Numerous employees of the State Department have expressed their serious disapproval of the Biden administration’s handling of Israel’s military campaign in Gaza. According to anonymous U.S. officials, these concerns have been articulated through internal memos sent to Secretary of State Antony J. Blinken. The surge in internal dissent within the Biden administration reflects the ongoing Middle East crisis.
Utilizing a dissent channel that was established during the Vietnam War, at least three cables have been sent to President Biden via the State Department, urging him to call for a cease-fire in Gaza. These sensitive diplomatic cables, which have yet to be released to the public, were sent during the first week of the war and more recently. Two anonymous officials have confirmed the existence of these cables.
Following the Oct. 7 Hamas attacks on Israel, Israeli forces have been engaged in an aggressive campaign in Gaza for over a month. The death toll in Gaza has surpassed 11,000, as reported by the health ministry.
Prime Minister Benjamin Netanyahu of Israel has opposed a cease-fire, arguing that it would only benefit Hamas. The Biden administration has offered support to this stance, instead advocating for “humanitarian pauses” from Israel, albeit with mixed results.
Axios, who first reported the most recent memo, revealed that it proposed Israel’s exchange of Palestinian prisoners for the more than 200 hostages abducted by Hamas in October. Additionally, at least one of these memos called on the administration to present a genuine long-term peace plan that would establish a Palestinian state, rather than merely paying lip service to the notion, as critics argue President Biden and Secretary Blinken have done.
Secretary Blinken has personally met with the signatories of at least one of the cables sent during the first week. Furthermore, one of his senior aides has met with the signers of another cable sent during that same period. Mr. Blinken has also conducted a listening session with employees of the Near East Affairs bureau, some of whom believe that U.S. policy has shown too much tolerance for the civilian casualties caused by Israel’s military in densely-populated Gaza.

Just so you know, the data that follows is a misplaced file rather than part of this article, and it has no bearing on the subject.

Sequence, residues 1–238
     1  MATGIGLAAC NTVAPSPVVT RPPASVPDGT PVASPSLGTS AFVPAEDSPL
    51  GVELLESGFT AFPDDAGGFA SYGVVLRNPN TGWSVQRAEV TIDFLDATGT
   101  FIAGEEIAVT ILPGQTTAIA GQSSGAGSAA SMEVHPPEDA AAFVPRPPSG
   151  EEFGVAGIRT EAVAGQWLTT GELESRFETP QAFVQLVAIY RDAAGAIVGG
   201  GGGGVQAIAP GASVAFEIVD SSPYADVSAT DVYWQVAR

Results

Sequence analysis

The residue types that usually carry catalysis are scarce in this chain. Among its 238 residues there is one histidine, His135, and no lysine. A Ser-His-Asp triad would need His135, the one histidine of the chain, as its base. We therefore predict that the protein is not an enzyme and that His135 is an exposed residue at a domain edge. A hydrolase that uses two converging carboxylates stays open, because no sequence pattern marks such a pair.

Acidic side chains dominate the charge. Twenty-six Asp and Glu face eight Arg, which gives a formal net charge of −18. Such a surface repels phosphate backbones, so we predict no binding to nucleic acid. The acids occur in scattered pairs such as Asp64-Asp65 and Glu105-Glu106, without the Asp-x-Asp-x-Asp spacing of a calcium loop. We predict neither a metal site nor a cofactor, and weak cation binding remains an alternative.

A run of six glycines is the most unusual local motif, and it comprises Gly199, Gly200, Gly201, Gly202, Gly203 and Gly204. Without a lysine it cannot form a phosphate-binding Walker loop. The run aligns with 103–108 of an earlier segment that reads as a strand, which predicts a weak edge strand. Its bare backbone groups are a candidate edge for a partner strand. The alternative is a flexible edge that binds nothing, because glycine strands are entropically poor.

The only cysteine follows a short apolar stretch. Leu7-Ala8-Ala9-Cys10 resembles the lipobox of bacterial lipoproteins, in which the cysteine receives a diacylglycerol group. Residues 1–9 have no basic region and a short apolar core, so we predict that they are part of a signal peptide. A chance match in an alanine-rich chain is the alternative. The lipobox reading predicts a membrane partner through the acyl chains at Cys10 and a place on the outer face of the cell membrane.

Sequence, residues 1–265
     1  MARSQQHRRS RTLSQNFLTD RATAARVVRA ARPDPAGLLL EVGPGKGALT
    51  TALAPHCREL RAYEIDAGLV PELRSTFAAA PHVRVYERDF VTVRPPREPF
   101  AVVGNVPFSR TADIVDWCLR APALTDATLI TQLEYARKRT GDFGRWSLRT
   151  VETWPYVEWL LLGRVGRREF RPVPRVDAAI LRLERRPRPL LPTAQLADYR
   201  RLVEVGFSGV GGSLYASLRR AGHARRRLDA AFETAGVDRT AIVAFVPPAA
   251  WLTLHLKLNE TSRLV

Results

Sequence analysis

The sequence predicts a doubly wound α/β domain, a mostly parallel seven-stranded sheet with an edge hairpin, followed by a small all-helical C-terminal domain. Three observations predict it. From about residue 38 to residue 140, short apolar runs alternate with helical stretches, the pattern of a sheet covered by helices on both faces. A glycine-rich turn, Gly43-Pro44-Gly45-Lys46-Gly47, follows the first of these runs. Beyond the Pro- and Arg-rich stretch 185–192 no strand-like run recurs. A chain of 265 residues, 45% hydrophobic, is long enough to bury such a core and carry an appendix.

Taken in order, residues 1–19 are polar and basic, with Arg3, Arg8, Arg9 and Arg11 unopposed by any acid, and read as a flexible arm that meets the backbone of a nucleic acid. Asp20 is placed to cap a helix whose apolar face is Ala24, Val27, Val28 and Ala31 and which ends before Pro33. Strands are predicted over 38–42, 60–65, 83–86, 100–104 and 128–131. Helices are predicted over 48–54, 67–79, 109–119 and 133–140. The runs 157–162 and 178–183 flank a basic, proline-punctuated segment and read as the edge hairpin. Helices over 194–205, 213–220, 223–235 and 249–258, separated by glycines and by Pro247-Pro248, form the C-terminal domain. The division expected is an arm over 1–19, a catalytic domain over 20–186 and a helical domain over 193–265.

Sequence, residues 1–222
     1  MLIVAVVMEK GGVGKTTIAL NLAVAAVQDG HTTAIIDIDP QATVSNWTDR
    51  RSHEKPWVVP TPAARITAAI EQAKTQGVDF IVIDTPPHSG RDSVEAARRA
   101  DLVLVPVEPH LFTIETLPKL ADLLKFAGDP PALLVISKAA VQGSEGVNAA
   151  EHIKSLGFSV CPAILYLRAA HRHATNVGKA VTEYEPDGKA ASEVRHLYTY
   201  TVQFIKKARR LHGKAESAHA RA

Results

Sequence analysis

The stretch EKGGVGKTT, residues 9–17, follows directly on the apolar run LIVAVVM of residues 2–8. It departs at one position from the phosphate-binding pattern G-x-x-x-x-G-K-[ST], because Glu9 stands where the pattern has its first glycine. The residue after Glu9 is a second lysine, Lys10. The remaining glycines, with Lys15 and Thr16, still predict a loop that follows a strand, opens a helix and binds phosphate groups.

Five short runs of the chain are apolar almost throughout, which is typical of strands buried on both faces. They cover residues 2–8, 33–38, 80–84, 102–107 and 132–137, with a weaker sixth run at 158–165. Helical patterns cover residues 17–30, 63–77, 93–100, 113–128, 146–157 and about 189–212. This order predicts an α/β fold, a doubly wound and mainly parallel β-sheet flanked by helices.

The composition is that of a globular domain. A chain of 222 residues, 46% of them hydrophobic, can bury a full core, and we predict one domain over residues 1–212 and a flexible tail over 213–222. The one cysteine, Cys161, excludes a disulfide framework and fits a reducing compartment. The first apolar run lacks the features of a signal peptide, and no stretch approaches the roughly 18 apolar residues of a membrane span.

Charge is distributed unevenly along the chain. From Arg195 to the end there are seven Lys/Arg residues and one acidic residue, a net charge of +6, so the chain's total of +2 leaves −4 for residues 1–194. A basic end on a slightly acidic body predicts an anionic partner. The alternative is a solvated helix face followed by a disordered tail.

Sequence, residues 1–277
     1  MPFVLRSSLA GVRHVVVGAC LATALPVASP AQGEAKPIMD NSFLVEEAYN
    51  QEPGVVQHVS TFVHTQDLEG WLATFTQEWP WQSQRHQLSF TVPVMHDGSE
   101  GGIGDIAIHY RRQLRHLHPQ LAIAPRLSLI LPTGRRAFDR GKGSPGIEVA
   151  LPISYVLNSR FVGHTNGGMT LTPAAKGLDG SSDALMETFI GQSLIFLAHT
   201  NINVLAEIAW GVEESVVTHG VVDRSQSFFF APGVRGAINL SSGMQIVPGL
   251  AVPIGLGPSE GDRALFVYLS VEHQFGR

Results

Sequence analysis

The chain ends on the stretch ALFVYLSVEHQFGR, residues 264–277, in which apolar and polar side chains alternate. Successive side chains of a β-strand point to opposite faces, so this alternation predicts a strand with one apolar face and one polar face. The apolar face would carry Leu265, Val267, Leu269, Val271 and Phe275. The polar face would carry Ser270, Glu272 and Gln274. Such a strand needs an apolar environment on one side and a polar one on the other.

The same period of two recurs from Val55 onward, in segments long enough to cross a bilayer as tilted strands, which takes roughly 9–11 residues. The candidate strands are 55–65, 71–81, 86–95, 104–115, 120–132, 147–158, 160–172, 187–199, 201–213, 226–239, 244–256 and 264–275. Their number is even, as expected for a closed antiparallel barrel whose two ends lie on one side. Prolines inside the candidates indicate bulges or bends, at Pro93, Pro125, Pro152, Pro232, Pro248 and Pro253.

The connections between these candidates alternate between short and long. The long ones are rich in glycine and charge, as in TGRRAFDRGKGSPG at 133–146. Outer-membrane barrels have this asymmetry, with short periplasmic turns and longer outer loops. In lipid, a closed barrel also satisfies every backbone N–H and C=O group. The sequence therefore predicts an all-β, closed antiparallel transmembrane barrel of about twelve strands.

In response to the internal dissent, Secretary Blinken sent a message to department employees, which was obtained by The New York Times. Expressing understanding of the personal toll the crisis has taken on many, he acknowledged that there are differing views within the department and that some may believe improvements are possible. He highlighted the State Department’s efforts to organize forums and encourage candid discussions to gather feedback and ideas that inform policy and messages.
While the State Department embraces different perspectives and welcomes fresh ideas, it is important for employees across the government to accept and implement policies set by senior officials, according to U.S. officials. This increasing dissent within the Biden administration comes as over a thousand employees of the U.S. Agency for International Development recently signed a letter demanding a cease-fire.
The dissent channel at the State Department has been in existence since 1971, providing a platform for officials to express criticisms and disagreements regarding various issues, such as the Vietnam War. Under State Department guidelines, dissenters are protected from retaliation.
In recent years, the channel has been used by employees to warn against the withdrawal from Afghanistan, advocate for airstrikes in Syria, and condemn the temporary ban on citizens from Muslim-majority countries entering the United States under the Trump administration.